Back to specialisation: eusocial groups effectively cohere to for a single functional body or sorts (we can hark back to your Plato quote), with specialised functions performed by different specialists just as a body's organs and other viscera have their particular roles. The group forms a single, cohesive entity that is orders of magnitude more effective at surviving and reproducing than less organised groups. Note that there is a blurred line between colonies and organisms (with the sea sponge being the link, the only animal that can reconstitute itself after being broken into smithereens).

Your "Great Beast" metaphor brings to mind how the first microbes would have felt (if they could think) about the gigantic emergent eukaryotes that soon came to dominate the globe. Individuals are effectively like plankton looking up at multinational "whales", hoping not to be scooped up in the whale's next mouthful. None of this is evil or wrong, just how things are. In time, all beings are superseded - and the trend happy seems to be towards "upgrades".

Sure, there might be "two steps back" before the "three steps forward" but progress is never linear. Yes, these are hard times. Hard inevitable times. We are most lucky to be born in this general time period but slightly unlucky to now be witness to a regressive period and, scarily, a period of climate change, extinctions and seemingly upcoming general pestilence. Damn, and it had been going so well! :lol:

So let's say millions rise up in a new "American Christian Spring" to overthrow institutions, as you hope. The conglomerate you breaks down all the controlling and untrustworthy institutions to start afresh. How long do you think it might take before new institutions rose again with their own atrocities? History has taught us that lesson so often it's a cliché.

The problems we discuss are wicked ones. If all our little voices speak out for what we believe to be right - even if we disagree with each other fundamentally - that's the best influence we can impart.
Nick_A wrote:Normally we are so involved with the problems of living that we fail to experience and admit what we are: a living contradiction. If this is true could Man as a society be other than a great beast incapable of opening to higher conscious influences making imagination take the place of objective reality? A serious discussion as to why we live in contradiction requires people willing to be open minded and humble. You won’t find them on philosophy forums. :)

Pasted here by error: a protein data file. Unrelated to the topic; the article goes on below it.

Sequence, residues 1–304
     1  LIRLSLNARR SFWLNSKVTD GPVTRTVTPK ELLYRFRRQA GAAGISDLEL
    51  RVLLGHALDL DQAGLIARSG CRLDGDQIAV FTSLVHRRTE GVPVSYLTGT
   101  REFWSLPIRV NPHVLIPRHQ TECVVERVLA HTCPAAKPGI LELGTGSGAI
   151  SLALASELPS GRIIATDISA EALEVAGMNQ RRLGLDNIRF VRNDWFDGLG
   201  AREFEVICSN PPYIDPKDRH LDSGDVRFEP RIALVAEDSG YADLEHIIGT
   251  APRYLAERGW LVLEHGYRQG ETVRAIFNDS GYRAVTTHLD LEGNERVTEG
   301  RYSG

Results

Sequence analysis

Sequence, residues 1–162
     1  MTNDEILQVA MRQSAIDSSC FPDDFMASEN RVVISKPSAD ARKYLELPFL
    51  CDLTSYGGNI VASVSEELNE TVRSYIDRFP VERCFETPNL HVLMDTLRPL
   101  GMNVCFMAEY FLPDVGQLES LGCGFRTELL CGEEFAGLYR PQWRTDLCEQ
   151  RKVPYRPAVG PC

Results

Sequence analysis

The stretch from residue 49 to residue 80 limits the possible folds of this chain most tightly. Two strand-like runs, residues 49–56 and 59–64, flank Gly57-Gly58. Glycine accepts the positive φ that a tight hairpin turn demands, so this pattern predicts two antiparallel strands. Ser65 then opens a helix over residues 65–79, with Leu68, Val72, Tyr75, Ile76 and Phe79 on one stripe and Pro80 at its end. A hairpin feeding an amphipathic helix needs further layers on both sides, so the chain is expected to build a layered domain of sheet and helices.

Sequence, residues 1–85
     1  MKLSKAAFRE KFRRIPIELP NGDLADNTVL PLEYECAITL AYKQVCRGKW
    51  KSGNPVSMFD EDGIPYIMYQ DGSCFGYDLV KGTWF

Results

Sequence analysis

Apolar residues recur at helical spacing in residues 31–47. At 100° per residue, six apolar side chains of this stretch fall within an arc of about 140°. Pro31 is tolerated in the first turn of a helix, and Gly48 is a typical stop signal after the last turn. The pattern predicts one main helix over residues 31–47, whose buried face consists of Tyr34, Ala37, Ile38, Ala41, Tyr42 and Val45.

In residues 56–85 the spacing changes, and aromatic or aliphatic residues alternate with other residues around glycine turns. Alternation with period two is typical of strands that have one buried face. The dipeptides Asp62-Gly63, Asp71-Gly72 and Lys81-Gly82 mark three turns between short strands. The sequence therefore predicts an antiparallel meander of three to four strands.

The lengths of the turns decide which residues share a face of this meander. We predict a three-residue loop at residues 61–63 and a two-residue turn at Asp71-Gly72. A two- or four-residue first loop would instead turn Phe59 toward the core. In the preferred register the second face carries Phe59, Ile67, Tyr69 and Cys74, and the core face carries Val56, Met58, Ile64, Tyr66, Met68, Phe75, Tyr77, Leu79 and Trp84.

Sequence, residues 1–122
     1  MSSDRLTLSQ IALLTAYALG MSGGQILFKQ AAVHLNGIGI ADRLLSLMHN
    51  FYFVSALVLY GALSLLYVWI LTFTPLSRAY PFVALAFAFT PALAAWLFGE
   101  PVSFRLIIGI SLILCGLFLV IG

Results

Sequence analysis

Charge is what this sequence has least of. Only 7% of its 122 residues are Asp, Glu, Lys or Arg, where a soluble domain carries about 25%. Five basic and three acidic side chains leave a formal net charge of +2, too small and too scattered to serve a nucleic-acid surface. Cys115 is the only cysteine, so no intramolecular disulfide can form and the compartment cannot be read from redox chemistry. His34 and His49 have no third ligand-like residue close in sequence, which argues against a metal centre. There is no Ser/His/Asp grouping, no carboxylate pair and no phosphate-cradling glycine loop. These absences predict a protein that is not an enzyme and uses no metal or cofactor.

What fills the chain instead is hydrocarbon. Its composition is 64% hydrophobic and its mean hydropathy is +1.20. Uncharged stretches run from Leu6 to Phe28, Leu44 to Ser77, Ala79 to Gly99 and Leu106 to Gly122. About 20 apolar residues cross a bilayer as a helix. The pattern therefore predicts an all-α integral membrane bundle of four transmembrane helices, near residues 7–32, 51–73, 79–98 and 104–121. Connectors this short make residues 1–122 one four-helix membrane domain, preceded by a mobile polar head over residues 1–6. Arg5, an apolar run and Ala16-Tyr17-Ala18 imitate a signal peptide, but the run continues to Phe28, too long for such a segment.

Nick, you are in a glass house when chiding others for their lack of humility ad open-mindedness. Why not accept that you have your worldview, others have theirs, and it's okay for your worldviews not to match?

Our institutions clearly have much room for moral improvement and I expect that will improve in time just as humans have done in their history. There is today enormously reduced human sacrifice, witch burning, inquisitions, torture, blood sports and so on.

I don't see a contradiction in how we live either, just compromise. The groups that provide us with protection and resources place demands on us and limit our freedoms in return. As a right winger, I'm sure you don't approve of people taking without even making some compromises in return.
I think our main difference is in how we define human progress. You seem to define it by technological advances and selective moral accomplishments. You seem to define progress by what we DO. I define human progress as the change of what we ARE. Simone explains it better than me.